Human Services

KENTUCKY UNITED METHODIST CHILDREN'S HOMES

Bringing Hope to Children Since 1871

Nicholasville, KY

Mission

Kentucky's young people are increasingly being victimized by abuse, neglect and family trauma. Kentucky United Methodist Children's Homes serves Christ by providing for the physical, emotional, educational and spiritual needs of children and families. We have established a variety of services for children, adolescents and parents to bring healing and hope to often desperate situations. We believe every child is an individual of worth and is deserving of God's gift of wholeness of life. The scope of our services continues to grow and improve as new needs arise.

Ruling Year

1972

Principal Officer

Rev. Julie Hager Love

Main Address

1115 Ashgrove Rd

Nicholasville, KY 40356 USA

Formerly Known As

The Methodist Home of Kentucky, Inc.

The Kentucky United Methodist Homes for Children and Youth

Keywords

therapeutic residential care, adoption, emergency shelter, substance abuse treatment for adolescents, alternatives to detention, The Methodist Home of Kentucky, Inc., Methodist Children's Home, Kentucky United Methodist Children's Homes

EIN

61-0458375

 Number

1251835991

Cause Area (NTEE Code)

Children's and Youth Services (P30)

Mental Health Treatment (F30)

Other Housing Support Services (L80)

IRS Filing Requirement

This organization is required to file an IRS Form 990 or 990-EZ.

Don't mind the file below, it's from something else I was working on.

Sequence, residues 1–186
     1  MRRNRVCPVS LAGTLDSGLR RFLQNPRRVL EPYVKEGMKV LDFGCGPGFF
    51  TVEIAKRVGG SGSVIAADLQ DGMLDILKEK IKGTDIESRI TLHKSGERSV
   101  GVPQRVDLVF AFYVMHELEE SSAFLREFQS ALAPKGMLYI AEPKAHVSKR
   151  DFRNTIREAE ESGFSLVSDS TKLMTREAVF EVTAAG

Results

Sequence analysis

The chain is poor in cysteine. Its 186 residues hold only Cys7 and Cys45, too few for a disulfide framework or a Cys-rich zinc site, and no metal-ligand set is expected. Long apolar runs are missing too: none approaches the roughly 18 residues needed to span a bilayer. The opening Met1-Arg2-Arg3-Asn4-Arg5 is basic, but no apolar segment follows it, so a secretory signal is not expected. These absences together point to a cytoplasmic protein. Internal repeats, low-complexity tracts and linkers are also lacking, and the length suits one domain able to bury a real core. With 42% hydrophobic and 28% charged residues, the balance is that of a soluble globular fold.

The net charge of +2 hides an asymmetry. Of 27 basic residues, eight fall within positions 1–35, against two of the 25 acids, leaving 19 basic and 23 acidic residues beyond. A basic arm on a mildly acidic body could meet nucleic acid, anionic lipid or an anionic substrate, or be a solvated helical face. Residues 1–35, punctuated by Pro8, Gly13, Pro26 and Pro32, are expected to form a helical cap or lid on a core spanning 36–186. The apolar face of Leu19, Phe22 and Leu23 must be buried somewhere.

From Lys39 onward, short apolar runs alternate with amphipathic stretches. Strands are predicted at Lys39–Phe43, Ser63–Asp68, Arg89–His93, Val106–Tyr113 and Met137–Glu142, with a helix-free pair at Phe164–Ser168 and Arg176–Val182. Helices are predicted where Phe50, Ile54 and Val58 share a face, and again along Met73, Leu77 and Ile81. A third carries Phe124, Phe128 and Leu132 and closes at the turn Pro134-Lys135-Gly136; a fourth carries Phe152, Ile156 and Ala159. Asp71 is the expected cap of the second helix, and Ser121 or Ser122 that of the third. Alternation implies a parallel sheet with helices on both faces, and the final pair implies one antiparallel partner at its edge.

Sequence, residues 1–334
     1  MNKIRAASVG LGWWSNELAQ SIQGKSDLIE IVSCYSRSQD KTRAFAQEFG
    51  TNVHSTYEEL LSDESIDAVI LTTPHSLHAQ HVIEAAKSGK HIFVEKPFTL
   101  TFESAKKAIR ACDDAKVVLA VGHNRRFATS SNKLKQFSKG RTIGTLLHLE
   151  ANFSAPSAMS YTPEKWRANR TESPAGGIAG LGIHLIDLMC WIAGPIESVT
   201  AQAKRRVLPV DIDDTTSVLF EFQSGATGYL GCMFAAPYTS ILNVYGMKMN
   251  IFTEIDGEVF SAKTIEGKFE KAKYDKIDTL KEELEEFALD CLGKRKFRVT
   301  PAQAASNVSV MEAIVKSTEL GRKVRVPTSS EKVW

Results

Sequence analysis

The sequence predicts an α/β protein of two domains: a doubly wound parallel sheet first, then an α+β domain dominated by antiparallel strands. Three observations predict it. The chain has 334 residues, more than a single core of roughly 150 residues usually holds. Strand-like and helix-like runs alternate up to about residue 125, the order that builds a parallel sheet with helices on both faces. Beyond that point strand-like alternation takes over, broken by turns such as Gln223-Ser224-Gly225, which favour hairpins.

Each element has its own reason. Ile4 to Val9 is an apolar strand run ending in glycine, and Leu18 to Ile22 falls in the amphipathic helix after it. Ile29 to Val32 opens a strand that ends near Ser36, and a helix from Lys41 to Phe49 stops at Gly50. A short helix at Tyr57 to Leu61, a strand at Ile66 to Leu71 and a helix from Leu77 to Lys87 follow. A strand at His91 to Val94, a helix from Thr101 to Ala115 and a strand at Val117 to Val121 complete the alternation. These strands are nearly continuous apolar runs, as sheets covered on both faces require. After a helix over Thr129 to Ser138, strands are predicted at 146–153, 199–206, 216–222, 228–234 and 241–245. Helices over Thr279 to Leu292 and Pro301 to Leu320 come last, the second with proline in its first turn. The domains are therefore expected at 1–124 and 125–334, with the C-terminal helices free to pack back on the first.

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Social Media

Programs + Results

What we aim to solve

Kentucky ranks in the top of the nation for child abuse and neglect. With tens of thousands of children at-risk, the Kentucky United Methodist Children's Homes engages 800-100 children and their families each year to prevent and heal this trauma. These children need a home, intensive therapy, medical attention, stable leadership, and, above all, love and hope. This is what KyUMH provides through both on-campus residential and off-campus community services.

Our Sustainable Development Goals

Learn more about Sustainable Development Goals.

3 4 5 10 16

Our programs

What are the organization's current programs, how do they measure success, and who do the programs serve?

SOURCE: Self-reported by organization

Residential Treatment/Emergency Shelter

Independent Living

Community Based Counseling Services

Forward Focus (Home Monitoring)

Adoption

Where we work

Our Results

How does this organization measure their results? It's a hard question but an important one. These quantitative program results are self-reported by the organization, illustrating their committment to transparency, learning, and interest in helping the whole sector learn and grow.